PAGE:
Between ZodiacSevenFight Club and The Social Network, most of Fincher’s work is the kind of stuff that ends up on a poster in dorm rooms. That’s not a bad thing — he’s the dark side of popular film. He’s also behind the Netfilx show Mindhunter.

The real issue I have with him is Gone Girl.

It’s not his fault.

I’ve had to endure Gillian Flynn’s work in all manner of media. Sharp Objects ran our TV for most of 2018. And Gone Girl? This movie gets played in our house at least once a week.

I hated this movie the first time I saw it. And by now, my reaction is the kind of numb ennui that a naked Ben Affleck feels just before you marvel that this movie is brave enough to share a shot of his meat.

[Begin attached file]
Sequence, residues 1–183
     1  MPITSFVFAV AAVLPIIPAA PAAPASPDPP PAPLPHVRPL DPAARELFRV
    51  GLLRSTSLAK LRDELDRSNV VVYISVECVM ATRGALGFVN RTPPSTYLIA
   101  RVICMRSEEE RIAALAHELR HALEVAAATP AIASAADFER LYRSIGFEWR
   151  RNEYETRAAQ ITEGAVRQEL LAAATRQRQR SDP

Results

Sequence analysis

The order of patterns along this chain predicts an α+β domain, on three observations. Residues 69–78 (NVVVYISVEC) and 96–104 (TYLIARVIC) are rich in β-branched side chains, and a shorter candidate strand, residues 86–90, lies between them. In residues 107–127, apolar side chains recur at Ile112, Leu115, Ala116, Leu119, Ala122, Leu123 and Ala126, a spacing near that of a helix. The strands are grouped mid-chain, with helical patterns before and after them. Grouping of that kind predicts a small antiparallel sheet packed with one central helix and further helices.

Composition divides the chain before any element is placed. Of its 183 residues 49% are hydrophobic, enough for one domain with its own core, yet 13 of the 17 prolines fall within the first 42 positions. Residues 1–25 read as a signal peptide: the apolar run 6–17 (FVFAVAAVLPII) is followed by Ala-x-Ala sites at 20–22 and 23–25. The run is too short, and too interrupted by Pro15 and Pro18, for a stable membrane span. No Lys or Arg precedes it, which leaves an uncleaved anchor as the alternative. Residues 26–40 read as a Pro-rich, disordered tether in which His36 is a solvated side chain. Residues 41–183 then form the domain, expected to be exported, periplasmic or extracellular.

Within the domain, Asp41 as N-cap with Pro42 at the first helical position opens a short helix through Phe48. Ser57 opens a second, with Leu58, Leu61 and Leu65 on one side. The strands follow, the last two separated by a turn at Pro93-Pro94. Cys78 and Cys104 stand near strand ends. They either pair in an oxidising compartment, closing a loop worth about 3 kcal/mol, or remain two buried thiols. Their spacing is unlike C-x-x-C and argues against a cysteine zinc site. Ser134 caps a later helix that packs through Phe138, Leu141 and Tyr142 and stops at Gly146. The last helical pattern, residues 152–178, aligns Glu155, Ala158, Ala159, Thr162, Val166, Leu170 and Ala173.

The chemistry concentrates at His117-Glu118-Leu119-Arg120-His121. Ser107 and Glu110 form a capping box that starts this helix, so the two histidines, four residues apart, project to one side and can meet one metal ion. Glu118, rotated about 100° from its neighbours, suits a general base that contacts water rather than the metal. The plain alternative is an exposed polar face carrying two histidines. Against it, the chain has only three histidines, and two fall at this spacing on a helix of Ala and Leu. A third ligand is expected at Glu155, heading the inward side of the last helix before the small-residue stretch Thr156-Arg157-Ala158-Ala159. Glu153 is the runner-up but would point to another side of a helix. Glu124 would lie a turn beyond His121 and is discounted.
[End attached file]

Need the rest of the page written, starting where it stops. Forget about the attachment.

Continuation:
Mr. Affleck and his appendage appear in movie as writing teacher Nick Dunne, whose wife — the inspiration for a popular series of chidlren’s books called Amazing Amy — has gone missing on their fifth anniversary. All signs point to the fact that he was an abusive husband and had her killed.

The reason for that conclusion is that he doesn’t seem to care. Perhaps if you had lived with Amy (Rosamund Pike), you may feel the same way. Sure, it started off hooking up at a party and were soon engaged, but after they both lost their jobs and moved to Missouri, Nick got lazy and started cheating on Amy (with Emily Ratajkowski, she of the nudity in the “Blurred Lines” video).

The twist is that Amy is still alive and has framed Nick for murder. She’s planned each step so well, stealing urine from a pregnant neighbor, using he rblood to create evidence that she was hurt and then planting a diary and a multitude of purchases that look like things Nick had bought for himself. Of course, she didn’t expect some backwards yokels to steal her money or that she’d have to hook up with her old stalker, played by Neil Patrick Harris.